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Burkina Faso's military must return the country to civilian rule within the next two weeks or face sanctions, the African Union has said. The interim president promised a "consensus" leader ahead of the AU demand.
The African Union (AU) gave the army two weeks to transfer power to the civilian authorities and threatened to target the country's economy if it didn't comply.
"The African Union is convinced the change has been aginst democracy," the head of the AU's Peace and Security Council, Simeon Oyono Esono, said on Monday in Addis Ababa.
However, noting that "popular pressure" had forced long-time leader Blaise Compaore to step down, Esono said that the AU had "determined a period of two weeks, and after that period we are going to apply sanctions."
The threat of sanctions followed words of condemnation from the United Nations, the United States and the European Union over the weekend in reaction to the military's taking control of the country.
If the army refuses to hand power back, "the consequences are pretty clear," said UN envoy for West Africa Mohamed Ibn Chambas. "We want to avoid having to impose sanctions on Burkina Faso."
Army chief promises 'consensus' leader
Ahead of the AU's announcement on Monday, Burkina Faso's interim president, Lieutenant Colonel Isaac Zida, had vowed that the army would be quick to give up power and transfer the rule to a transitional government. Zida said that his role was to ensure a "smooth democratic transition," during a meeting with diplomats in the capital city Ouagadougou.
"We are not here to usurp power and to sit in place and run the country but to help the country come out of this situation," Zida said. He gave no timeframe for the transition, but said he wanted a new government in place within the "shortest possible" period of time.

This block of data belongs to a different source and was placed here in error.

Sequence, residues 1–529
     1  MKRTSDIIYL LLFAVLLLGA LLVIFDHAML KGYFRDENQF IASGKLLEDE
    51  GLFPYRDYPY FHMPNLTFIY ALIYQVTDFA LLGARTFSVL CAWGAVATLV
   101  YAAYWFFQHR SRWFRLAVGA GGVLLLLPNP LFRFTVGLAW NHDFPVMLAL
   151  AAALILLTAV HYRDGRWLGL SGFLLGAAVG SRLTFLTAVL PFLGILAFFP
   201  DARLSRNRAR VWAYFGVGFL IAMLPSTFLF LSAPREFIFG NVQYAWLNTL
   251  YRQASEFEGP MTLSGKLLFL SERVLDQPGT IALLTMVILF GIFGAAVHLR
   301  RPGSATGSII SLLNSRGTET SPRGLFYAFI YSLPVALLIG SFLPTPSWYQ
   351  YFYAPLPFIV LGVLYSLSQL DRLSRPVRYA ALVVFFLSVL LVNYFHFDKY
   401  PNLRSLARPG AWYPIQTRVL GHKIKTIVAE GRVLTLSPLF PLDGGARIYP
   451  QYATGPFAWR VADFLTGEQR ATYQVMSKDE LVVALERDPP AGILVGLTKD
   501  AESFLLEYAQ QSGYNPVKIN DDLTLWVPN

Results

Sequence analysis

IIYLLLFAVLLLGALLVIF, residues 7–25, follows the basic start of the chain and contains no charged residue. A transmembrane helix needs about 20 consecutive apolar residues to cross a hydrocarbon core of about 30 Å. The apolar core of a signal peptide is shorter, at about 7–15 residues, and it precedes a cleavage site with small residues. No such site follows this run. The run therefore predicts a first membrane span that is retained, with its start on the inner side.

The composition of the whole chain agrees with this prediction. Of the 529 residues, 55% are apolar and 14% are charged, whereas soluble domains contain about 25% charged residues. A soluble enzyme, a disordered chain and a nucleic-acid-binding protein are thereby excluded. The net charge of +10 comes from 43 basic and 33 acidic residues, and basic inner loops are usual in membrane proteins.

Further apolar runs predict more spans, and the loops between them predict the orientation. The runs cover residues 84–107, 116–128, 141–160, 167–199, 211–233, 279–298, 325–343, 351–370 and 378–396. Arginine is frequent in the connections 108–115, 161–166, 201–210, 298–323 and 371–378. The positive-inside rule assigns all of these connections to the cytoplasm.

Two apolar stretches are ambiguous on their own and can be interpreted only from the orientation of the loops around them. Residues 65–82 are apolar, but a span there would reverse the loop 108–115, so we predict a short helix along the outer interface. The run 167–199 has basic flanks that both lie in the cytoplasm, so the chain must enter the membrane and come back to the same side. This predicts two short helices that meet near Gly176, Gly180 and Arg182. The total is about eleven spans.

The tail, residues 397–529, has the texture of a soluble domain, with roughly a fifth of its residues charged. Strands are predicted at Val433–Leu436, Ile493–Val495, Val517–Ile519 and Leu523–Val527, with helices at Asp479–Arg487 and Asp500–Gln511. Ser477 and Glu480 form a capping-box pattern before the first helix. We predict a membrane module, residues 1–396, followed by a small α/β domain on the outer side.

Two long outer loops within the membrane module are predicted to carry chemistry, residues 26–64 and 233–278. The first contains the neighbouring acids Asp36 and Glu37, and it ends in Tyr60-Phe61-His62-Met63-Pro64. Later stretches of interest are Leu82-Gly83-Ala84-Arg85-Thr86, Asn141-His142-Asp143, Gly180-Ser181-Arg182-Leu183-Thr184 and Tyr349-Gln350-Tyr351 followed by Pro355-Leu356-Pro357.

The Monday talks built on meetings between Zida and the ambassadors of former colonial power France, the United States and the European Union Sunday evening.
Calm returns to the capital
After naming Zida as interim head of state two days ago, the military said that "power does not interest us." Still, its takeover sparked angry protests over the weekend and was criticized by opposition, the African Union and Western powers demanding civilian rule.
On Sunday, troops dispersed thousands of demonstrators gathered at a rally against the military takeover in the capital city, using armored vehicles. One person was killed Ouagadougou appeared calmer on Monday, with banks reopening and traffic returning to the streets. An overnight curfew remained in place.
According to the Burkina Faso constitution, the head of the National Assembly is to take office if the president resigns, with a mandate to organize elections within 90 days.
However, this official has reportedly fled the country, along with now ex-President Blaise Compaore and other senior members of his regime.
One of the representatives of the opposition party UNIR/MS, Benewende Stanislas Sankara, expressed concern at the army's role in overseeing governance.
"Nobody can place their confidence in the army. But the military authorities in power now appear to be acting in good faith," he told Reuters news agency.
dj/kms (AP, Reuters, AFP)